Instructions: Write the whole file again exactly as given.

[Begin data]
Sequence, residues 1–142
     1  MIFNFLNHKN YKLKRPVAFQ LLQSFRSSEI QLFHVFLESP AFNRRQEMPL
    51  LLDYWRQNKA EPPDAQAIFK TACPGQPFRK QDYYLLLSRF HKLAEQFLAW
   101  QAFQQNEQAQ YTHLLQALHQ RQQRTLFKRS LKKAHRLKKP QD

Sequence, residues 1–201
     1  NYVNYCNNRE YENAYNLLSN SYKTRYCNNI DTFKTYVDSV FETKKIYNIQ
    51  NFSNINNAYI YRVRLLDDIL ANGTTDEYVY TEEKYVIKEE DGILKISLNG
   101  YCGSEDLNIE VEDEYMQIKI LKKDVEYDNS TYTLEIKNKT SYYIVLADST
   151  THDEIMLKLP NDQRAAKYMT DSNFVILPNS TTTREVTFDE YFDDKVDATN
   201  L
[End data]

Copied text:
Sequence, residues 1–142
     1  MIFNFLNHKN YKLKRPVAFQ LLQSFRSSEI QLFHVFLESP AFNRRQEMPL
    51  LLDYWRQNKA EPPDAQAIFK TACPGQPFRK QDYYLLLSRF HKLAEQFLAW
   101  QAFQQNEQAQ YTHLLQALHQ RQQRTLFKRS LKKAHRLKKP QD

Sequence, residues 1–201
     1  NYVNYCNNRE YENAYNLLSN SYKTRYCNNI DTFKTYVDSV FETKKIYNIQ
    51  NFSNINNAYI YRVRLLDDIL ANGTTDEYVY TEEKYVIKEE DGILKISLNG
   101  YCGSEDLNIE VEDEYMQIKI LKKDVEYDNS TYTLEIKNKT SYYIVLADST
   151  THDEIMLKLP NDQRAAKYMT DSNFVILPNS TTTREVTFDE YFDDKVDATN
   201  L